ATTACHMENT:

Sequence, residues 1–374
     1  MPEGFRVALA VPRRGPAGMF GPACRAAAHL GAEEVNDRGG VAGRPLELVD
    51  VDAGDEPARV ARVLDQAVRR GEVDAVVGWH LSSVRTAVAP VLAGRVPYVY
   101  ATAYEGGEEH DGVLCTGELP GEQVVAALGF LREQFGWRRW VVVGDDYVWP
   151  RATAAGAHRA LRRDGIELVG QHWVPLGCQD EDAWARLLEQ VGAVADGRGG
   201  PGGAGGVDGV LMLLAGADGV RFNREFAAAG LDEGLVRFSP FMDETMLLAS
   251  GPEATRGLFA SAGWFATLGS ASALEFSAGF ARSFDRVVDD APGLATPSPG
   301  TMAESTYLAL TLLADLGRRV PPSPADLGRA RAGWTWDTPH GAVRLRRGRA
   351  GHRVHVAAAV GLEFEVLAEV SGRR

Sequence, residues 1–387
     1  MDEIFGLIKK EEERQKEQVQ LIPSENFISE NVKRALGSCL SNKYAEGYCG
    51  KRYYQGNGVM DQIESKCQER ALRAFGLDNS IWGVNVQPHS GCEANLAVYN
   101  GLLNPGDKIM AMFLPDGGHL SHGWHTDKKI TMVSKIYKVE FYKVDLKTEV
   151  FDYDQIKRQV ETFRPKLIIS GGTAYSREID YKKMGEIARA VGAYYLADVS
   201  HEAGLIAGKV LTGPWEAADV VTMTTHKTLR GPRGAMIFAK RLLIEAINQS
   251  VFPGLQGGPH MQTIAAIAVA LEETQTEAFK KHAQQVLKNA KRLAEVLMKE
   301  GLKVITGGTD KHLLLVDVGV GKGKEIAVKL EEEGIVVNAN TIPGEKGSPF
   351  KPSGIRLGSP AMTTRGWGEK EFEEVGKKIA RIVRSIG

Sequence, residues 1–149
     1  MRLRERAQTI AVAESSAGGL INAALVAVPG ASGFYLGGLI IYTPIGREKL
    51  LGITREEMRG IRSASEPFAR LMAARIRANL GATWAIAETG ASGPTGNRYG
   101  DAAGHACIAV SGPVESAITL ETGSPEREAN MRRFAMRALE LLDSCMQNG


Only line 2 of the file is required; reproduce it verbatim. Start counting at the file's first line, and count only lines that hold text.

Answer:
     1  MPEGFRVALA VPRRGPAGMF GPACRAAAHL GAEEVNDRGG VAGRPLELVD